The legal battle will continue for Catholic colleges and other religious nonprofits and institutions challenging the Obama administration’s contraception mandate following a decision by the U.S. Supreme Court on Monday to send the issue back to lower courts.
“We are nearing what seems to be a very happy ending to a terrible chapter in America’s history of religious tolerance,” said Cardinal Newman Society President Patrick Reilly. “Catholics should be very proud of the Little Sisters but also the other courageous organizations who have stood strong against this injustice — including the most faithful Catholic colleges and schools, which figured prominently in the legal and social battles to halt the HHS mandate.”
The eight U.S. Supreme Court justices unanimously vacated the appellate court decisions in their ruling. The case most notably involves the Little Sisters of the Poor, but a number of Catholic colleges and schools are also involved in the legal challenge, standing their ground in defiance of the HHS contraception/abortifacient/sterilization mandate. Monday’s ruling follows the government’s admission last month that it need not force religious objectors to provide contraception coverage as part of the HHS mandate, and it signals further potential lower court victories for Catholic institutions in the near future.
“This is a game-changer,” said Mark Rienzi, senior counsel at The Becket Fund for Religious Liberty. “The Court has accepted the government’s concession that it can get drugs to people without using the Little Sisters,” he continued. “The Court has eliminated all of the bad decisions from the lower courts. And the Court has forbidden the government from fining the Little Sisters even though they are refusing to bow to the government’s will. It is only a matter of time before the lower courts make this victory permanent.”
Eight Catholic colleges recommended in The Newman Guide filed in court against the Obama administration at some point following the adoption of the HHS mandate, each experiencing different outcomes. Those institutions include Aquinas College in Nashville, Tenn.; The Catholic University of America in Washington, D.C.; Ave Maria University in Ave Maria, Fla.; Belmont Abbey College in Belmont, N.C.; Franciscan University of Steubenville in Ohio; Wyoming Catholic College in Lander, Wyo.; Thomas Aquinas College in Santa Paula, Calif.; and the University of Dallas in Irving, Texas.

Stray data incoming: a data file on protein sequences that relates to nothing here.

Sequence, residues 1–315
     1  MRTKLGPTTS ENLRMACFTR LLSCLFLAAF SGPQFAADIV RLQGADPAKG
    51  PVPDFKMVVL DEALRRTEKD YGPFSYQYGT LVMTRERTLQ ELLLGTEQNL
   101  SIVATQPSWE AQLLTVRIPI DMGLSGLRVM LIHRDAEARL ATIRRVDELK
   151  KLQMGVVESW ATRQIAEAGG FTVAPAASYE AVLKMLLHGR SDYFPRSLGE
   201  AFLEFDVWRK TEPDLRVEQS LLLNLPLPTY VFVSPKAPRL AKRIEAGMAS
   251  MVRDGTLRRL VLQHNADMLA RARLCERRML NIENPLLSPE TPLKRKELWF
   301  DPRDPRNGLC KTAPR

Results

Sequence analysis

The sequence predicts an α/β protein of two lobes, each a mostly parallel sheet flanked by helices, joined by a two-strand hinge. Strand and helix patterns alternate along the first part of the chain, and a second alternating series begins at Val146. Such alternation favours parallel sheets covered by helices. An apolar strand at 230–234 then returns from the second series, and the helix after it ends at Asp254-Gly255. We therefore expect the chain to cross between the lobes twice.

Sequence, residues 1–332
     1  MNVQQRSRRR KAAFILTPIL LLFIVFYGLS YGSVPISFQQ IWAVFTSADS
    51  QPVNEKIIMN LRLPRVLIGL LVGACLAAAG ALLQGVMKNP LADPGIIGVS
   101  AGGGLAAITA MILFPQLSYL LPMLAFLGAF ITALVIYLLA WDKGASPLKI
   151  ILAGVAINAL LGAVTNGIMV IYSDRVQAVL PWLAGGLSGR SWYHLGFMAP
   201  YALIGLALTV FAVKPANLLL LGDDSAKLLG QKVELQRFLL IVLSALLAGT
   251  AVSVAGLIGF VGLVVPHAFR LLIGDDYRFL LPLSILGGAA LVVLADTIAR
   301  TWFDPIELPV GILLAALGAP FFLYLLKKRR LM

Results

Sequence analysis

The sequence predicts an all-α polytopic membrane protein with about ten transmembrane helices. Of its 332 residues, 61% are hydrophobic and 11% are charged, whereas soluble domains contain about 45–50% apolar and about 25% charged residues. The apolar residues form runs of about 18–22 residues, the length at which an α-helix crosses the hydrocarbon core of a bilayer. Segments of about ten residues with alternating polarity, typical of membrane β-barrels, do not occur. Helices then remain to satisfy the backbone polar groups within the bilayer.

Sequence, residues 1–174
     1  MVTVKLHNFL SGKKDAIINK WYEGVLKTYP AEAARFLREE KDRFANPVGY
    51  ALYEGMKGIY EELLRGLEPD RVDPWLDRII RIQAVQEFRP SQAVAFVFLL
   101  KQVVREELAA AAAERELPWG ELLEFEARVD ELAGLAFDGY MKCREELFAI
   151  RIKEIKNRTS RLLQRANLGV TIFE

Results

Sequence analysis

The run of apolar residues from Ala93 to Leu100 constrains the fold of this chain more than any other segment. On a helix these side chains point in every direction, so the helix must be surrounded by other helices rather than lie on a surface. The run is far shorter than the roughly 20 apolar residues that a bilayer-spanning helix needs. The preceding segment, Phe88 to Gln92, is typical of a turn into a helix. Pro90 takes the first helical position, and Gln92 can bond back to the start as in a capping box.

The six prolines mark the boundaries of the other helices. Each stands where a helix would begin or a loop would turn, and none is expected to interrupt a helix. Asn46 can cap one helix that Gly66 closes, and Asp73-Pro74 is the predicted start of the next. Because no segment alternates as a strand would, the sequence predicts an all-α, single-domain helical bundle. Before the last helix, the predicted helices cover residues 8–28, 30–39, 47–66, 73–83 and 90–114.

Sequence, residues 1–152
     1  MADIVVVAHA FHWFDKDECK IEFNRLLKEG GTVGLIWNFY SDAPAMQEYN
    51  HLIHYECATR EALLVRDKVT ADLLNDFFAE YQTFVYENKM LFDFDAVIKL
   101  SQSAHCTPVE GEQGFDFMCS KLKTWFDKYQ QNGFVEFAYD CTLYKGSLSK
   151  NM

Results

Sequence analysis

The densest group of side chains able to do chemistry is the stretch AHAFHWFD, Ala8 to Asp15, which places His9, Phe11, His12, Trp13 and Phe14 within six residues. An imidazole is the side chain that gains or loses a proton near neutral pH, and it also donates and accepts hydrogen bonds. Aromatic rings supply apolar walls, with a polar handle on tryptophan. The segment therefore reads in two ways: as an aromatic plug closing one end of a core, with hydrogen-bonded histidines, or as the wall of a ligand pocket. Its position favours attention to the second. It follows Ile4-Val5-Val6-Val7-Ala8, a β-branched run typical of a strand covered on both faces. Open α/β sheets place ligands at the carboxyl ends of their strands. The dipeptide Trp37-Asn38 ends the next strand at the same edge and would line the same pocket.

Belmont Abbey College filed the nation’s first suit against the mandate in November 2011, and refiled again in November 2013 after the court declined judgement. But the College withdrew its case after obtaining Christian Brothers insurance, the same provider of the Little Sisters of the Poor. The decision in the Little Sisters’ case will affect Belmont Abbey.
A total of seven cases challenging the HHS mandate were consolidated in Zubik v. Burwell and heard before the Supreme Court on March 23. Among the cases that went before the Court, The Catholic University of America and Thomas Aquinas College were named plaintiffs, along with several Catholic high schools immediately affected by the Court’s decision. Now, with the adverse decisions vacated, all cases will be remanded to their respective lower courts to await a new ruling.
In January, the U.S. Conference of Catholic Bishops in coordination with the Newman Society and six national religious organizations filed an amicus brief, urging the Supreme Court to protect the sincerely-held religious beliefs of Catholic universities, colleges and schools. The Newman Society has worked for many years to help Catholic colleges and schools develop policies that strengthen their Catholic identity and protect their religious freedom.
The HHS mandate is the “elephant in the room” threatening faithful Catholic education, said Bob Laird, vice president for program development at the Newman Society, after the brief was filed. “If our schools can teach the faith and the public good in the classroom but not practice it in the conduct of their own business, then education is merely an ideological shell with no substance.”
The Catholic colleges that did not oppose the mandate have much to learn from the Little Sisters’ example.
“The Little Sisters, known for their meekness and mercy, have taught a powerful lesson in fortitude,” Reilly said. “Their example stands in stark contrast to the failure of most Catholic colleges to oppose the HHS mandate, and Notre Dame’s compliance with the mandate, even while it gave lip service to the claim that complying would violate its Catholic mission.”